She shared with us that she attended the event, but did not end up voicing her disappointment. Instead, she listened. She heard stories from high school students who are LGBTQ+, from teachers, and from local organizers who offered varying perspectives on why we need diverse stories and support for LGBTQ+ young people. In a miraculous turn of events, she listened, and she learned. And she kept showing up to community events, and kept learning, and eventually joined the district DEI committee. Now, a few years later, she is telling this story in my classroom, and I interrupted her and said:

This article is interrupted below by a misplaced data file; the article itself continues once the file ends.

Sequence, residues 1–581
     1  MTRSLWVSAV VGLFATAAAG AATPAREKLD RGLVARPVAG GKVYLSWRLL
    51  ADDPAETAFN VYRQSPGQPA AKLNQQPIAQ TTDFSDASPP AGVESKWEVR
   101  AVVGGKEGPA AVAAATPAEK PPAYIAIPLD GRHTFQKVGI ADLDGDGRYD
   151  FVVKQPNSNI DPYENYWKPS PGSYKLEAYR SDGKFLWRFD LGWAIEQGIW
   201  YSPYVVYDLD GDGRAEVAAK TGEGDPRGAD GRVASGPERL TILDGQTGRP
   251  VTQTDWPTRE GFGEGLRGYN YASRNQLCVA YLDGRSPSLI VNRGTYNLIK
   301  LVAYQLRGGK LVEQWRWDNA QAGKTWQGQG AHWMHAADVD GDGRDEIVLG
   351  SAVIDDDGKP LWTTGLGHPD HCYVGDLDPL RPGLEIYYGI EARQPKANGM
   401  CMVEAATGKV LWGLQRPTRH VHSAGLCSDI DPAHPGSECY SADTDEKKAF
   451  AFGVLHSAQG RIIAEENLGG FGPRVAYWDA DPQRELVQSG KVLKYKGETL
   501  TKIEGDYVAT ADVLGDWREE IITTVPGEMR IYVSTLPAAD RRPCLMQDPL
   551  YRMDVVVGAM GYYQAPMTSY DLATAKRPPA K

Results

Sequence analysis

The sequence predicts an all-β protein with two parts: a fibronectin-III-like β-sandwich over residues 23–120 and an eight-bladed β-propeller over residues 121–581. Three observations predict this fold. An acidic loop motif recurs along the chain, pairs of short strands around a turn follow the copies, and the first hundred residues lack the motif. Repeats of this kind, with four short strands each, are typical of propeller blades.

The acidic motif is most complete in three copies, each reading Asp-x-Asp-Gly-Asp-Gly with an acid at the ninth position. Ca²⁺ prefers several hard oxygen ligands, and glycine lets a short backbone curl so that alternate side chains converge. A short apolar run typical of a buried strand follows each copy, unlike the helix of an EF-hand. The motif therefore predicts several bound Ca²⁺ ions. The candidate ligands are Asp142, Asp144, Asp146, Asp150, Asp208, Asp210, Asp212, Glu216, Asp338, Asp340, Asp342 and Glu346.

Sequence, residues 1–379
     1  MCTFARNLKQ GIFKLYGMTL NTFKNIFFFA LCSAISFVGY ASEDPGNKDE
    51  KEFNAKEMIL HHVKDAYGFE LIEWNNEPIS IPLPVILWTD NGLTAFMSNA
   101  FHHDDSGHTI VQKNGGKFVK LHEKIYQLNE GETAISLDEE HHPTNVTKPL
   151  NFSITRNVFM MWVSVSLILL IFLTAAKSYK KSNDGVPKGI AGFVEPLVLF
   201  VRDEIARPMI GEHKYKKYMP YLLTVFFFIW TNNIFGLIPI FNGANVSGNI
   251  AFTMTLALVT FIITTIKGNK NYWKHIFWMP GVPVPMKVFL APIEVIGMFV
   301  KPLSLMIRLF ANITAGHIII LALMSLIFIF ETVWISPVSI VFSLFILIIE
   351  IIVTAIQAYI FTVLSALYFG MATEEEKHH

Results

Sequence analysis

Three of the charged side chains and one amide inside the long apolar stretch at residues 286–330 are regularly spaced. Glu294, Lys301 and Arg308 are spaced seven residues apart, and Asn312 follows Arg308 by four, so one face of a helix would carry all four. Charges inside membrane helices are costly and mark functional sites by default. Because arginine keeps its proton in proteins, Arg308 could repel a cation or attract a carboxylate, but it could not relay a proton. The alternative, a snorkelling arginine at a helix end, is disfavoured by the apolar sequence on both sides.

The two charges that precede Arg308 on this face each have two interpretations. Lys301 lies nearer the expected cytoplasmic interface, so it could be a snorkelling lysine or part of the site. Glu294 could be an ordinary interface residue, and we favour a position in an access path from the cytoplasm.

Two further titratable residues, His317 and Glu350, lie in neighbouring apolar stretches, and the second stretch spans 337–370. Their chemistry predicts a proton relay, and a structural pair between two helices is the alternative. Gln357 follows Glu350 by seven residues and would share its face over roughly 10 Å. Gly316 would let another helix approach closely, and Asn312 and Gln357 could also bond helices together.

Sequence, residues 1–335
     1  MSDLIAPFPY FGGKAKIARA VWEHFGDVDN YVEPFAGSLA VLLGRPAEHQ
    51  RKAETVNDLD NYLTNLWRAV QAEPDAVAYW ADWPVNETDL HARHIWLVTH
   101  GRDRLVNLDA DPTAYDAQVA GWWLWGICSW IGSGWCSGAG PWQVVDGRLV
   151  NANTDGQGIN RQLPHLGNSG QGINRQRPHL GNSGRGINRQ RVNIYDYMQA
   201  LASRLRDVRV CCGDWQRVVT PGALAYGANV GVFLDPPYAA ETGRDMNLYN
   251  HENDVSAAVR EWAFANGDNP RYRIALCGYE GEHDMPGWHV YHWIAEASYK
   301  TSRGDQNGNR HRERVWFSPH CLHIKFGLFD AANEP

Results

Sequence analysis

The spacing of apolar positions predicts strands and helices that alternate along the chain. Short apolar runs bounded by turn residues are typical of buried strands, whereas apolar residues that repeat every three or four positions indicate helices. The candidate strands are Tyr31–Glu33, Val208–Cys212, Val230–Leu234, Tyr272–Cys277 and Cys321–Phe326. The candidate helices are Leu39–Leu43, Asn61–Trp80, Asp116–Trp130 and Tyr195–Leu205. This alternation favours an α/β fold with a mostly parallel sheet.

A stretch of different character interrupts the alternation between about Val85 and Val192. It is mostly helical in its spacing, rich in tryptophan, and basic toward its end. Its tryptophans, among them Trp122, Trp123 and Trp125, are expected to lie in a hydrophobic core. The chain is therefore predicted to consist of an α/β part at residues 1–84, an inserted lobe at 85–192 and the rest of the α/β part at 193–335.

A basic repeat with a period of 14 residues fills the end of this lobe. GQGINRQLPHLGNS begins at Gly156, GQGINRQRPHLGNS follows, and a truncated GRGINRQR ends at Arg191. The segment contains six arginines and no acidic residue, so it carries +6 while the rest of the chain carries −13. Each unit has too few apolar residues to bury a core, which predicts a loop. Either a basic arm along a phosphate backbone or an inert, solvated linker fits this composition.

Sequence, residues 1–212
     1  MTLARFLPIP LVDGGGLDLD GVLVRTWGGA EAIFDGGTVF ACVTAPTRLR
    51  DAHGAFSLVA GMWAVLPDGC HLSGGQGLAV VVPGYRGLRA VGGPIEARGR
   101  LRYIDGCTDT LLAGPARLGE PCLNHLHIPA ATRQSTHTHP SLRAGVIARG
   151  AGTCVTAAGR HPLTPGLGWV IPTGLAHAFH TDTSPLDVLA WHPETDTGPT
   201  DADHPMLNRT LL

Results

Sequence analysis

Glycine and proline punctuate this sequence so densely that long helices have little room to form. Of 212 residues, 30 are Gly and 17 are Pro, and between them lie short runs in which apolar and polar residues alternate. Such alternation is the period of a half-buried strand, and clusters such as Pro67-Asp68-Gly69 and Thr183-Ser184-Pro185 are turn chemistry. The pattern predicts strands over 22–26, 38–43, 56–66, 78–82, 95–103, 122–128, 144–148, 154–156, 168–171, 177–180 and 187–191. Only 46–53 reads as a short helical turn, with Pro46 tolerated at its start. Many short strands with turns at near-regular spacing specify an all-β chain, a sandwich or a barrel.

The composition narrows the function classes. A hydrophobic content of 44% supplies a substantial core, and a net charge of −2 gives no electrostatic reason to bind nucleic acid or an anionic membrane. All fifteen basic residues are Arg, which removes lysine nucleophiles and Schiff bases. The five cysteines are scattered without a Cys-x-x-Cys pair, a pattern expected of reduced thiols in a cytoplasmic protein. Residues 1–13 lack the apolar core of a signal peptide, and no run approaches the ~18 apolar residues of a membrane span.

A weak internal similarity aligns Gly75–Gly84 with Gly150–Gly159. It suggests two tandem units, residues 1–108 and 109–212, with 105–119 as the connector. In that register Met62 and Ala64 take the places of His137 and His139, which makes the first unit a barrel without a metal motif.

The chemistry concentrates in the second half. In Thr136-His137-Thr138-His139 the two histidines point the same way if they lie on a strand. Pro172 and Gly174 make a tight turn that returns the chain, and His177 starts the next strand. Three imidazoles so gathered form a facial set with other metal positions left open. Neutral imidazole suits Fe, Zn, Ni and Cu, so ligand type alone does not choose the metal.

“That… that was my event. I worked so hard on that.”

At the time of this conflict, I had been teaching in the very district where she was a parent, and I was the advisor for a number of clubs including the social justice club which was responsible for a lot of the LGBTQ+ advocacy work in the district and community. We had had a really successful year up to that point, leading staff PDs, growing the group participation and brand, running several really impactful social media campaigns. The student leaders were really awesome and had grown into their work in unique and exciting ways. As I look back, that’s one of the organizing lessons I take from the experience: if we are learning and growing together, we’re always building power, even if we don’t know exactly what we’re building toward.